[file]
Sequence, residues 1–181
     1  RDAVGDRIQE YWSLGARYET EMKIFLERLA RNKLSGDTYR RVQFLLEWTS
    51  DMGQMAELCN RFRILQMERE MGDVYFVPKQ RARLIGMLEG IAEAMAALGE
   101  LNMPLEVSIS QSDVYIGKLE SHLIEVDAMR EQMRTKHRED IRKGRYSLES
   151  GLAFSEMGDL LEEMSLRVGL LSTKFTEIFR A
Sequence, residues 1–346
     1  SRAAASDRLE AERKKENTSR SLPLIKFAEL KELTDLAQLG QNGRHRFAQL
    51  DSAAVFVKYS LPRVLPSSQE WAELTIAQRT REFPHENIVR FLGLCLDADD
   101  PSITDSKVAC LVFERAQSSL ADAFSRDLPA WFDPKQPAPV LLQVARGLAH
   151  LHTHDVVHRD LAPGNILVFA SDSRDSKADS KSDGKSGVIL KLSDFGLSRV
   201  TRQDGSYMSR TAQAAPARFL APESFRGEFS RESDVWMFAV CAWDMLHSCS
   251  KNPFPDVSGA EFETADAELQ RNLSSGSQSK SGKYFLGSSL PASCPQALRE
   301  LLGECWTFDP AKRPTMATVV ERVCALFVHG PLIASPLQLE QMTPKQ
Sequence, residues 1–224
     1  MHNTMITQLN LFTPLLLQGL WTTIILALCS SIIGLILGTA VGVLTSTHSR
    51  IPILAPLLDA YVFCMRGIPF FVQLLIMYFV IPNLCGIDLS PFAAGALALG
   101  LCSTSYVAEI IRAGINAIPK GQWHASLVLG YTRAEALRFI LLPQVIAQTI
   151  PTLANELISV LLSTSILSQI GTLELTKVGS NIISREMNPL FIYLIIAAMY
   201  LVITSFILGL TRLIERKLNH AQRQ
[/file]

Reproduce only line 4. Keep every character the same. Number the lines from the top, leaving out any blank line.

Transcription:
   101  LNMPLEVSIS QSDVYIGKLE SHLIEVDAMR EQMRTKHRED IRKGRYSLES